The top 3 reasons why experiential exercises flop
Have you ever wondered why some of the interactive exercises in your workshops or talks just flop? This month’s Workshop & Webinar Wisdom will give you the most likely culprit:
1. Not providing time for individual thinking. People process information differently. Some people need a bit more time to process what you are asking before sharing/diving into a paired share to discuss. Before throwing out a question to your audience or putting people into pairs or groups to interact, give them 30 seconds to a minute to think about the answer individually. I recently worked with a client and had her include a minute for individual thinking before a few of her exercises and she said people were more engaged and went deeper into the exercise than they had in the past.
2. Not demonstrating an example of what you are looking for first. When you are going into an exercise that may require a bit more explanation or could be more challenging for your attendees to do, demonstrate the actual exercise with a volunteer first. For example, when I teach Coaching Skills for Managers, before I pair them up to learn the skill of curiosity I actually demo the exercise with a volunteer for a few minutes. Once they see it done, they are better prepared to go into the exercise and more importantly, they will get a lot more value out of it.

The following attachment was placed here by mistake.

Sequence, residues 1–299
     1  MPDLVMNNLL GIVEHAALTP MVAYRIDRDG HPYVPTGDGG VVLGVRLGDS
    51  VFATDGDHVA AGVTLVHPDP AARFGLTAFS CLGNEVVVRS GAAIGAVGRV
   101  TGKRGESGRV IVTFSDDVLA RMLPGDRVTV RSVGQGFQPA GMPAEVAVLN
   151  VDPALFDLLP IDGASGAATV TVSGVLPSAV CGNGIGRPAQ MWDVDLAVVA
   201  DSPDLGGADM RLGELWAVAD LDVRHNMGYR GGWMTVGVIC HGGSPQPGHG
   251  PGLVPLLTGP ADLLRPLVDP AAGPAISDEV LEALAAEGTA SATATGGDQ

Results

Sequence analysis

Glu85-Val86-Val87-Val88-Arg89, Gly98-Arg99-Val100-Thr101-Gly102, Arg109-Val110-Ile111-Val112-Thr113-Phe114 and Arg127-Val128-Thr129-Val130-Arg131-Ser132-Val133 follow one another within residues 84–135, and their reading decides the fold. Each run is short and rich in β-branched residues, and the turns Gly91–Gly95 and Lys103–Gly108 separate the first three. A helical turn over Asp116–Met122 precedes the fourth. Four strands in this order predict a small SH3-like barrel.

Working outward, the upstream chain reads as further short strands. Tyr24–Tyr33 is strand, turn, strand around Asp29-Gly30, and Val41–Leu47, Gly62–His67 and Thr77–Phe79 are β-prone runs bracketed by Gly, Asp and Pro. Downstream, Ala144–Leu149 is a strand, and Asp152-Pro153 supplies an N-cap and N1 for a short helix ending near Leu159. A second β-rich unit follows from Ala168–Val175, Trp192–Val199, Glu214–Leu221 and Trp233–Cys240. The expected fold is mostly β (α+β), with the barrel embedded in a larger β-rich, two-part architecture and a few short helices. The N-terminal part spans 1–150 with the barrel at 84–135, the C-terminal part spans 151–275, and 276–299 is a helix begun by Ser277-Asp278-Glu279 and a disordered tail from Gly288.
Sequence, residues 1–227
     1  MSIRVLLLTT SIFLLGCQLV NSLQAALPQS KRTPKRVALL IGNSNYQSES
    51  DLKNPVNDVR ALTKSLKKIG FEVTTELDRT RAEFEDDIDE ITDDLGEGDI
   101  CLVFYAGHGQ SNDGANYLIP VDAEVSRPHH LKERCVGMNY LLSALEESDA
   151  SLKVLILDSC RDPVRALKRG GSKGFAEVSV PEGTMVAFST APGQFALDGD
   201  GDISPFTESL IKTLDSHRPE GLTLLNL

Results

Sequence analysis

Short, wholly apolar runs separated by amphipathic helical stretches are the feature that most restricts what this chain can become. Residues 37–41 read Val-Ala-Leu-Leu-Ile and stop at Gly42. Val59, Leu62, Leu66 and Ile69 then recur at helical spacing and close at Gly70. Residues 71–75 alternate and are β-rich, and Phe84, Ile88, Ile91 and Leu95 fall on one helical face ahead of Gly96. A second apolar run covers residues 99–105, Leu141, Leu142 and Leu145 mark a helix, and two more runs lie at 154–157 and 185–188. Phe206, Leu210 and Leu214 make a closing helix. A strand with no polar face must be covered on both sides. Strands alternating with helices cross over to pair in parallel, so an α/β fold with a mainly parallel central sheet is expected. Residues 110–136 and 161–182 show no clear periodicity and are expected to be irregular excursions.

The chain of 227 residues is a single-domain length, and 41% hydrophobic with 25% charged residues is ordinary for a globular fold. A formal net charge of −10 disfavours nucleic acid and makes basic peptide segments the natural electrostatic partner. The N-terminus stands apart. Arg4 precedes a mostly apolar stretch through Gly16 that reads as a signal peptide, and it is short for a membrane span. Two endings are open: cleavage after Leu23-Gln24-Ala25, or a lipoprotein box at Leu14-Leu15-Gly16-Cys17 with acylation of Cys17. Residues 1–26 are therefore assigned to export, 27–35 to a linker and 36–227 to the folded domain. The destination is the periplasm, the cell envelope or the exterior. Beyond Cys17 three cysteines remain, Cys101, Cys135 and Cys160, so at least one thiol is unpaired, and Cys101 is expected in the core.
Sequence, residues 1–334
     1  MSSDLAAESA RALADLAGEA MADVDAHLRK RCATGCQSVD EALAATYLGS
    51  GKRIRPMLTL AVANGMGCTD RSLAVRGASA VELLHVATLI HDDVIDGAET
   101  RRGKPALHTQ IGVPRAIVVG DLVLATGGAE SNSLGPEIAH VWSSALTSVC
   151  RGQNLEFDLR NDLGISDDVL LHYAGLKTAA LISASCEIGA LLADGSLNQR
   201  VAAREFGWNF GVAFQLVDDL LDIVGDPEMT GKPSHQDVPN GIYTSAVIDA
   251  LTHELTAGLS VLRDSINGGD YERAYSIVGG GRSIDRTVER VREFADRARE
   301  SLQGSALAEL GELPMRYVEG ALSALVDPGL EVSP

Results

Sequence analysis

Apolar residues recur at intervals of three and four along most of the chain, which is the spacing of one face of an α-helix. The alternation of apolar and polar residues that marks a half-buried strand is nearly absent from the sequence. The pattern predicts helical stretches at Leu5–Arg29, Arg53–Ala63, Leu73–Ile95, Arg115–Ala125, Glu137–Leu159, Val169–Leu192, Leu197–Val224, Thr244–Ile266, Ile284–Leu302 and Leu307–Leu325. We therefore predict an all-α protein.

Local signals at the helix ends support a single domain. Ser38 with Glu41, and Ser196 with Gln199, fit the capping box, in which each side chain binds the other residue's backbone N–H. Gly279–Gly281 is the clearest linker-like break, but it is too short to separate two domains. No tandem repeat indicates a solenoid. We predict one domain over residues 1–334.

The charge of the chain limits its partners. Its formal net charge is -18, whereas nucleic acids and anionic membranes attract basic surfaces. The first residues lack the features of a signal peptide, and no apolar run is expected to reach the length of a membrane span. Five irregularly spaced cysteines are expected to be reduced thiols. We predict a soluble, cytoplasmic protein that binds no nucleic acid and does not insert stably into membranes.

3. Not role playing your exercises in advance. You might feel you have the most brilliant exercise but so often it’s not until you step through it in advance as if you were the attendee that you realize it may not completely make sense (or the order of events needs to shift). For example I worked with a client who was given a case study by her client that she wanted to role play at the end of her workshop to pull together all the skills she was teaching. I had her role play it out with me in advance. I took on one role and she the other and after role playing it out we realized the audience wouldn’t have enough expertise to move through it powerfully. They would be floundering too much. So I suggested she do a demo with a volunteer in front of the room and engage the audience at intervals to help move through the exercise and get the learning. If she had delivered the case study to her audience without playing it out in advance, it could have turned into a disaster.
You may be thinking, “What if you I want my attendees to get the learning by throwing them into an exercise without a lot of prep?” (Then, in the debrief, they get more of the learning). That is perfectly fine to do. You just need to make a conscious choice you are intentionally doing that.
So, the next time you create an experiential exercise, ask yourself:
- Am I giving enough time for people to think of the answers in advance?
- Am I giving enough examples so they know what to do?
- Does the sequence I am taking them through logically make sense?